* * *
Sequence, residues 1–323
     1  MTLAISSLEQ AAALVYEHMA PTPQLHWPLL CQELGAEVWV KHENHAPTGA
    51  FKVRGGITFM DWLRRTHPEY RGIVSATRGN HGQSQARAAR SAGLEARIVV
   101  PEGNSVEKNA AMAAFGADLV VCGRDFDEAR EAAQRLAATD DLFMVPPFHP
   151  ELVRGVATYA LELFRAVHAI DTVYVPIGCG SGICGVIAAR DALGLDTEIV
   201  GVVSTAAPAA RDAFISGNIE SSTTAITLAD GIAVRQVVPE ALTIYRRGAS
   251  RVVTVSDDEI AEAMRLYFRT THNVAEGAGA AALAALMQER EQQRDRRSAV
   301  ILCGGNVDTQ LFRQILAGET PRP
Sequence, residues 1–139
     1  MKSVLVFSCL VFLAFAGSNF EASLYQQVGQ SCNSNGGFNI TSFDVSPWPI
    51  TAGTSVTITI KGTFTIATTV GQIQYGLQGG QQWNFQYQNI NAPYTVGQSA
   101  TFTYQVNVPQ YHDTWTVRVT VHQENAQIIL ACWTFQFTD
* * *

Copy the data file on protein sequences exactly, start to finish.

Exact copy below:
Sequence, residues 1–323
     1  MTLAISSLEQ AAALVYEHMA PTPQLHWPLL CQELGAEVWV KHENHAPTGA
    51  FKVRGGITFM DWLRRTHPEY RGIVSATRGN HGQSQARAAR SAGLEARIVV
   101  PEGNSVEKNA AMAAFGADLV VCGRDFDEAR EAAQRLAATD DLFMVPPFHP
   151  ELVRGVATYA LELFRAVHAI DTVYVPIGCG SGICGVIAAR DALGLDTEIV
   201  GVVSTAAPAA RDAFISGNIE SSTTAITLAD GIAVRQVVPE ALTIYRRGAS
   251  RVVTVSDDEI AEAMRLYFRT THNVAEGAGA AALAALMQER EQQRDRRSAV
   301  ILCGGNVDTQ LFRQILAGET PRP
Sequence, residues 1–139
     1  MKSVLVFSCL VFLAFAGSNF EASLYQQVGQ SCNSNGGFNI TSFDVSPWPI
    51  TAGTSVTITI KGTFTIATTV GQIQYGLQGG QQWNFQYQNI NAPYTVGQSA
   101  TFTYQVNVPQ YHDTWTVRVT VHQENAQIIL ACWTFQFTD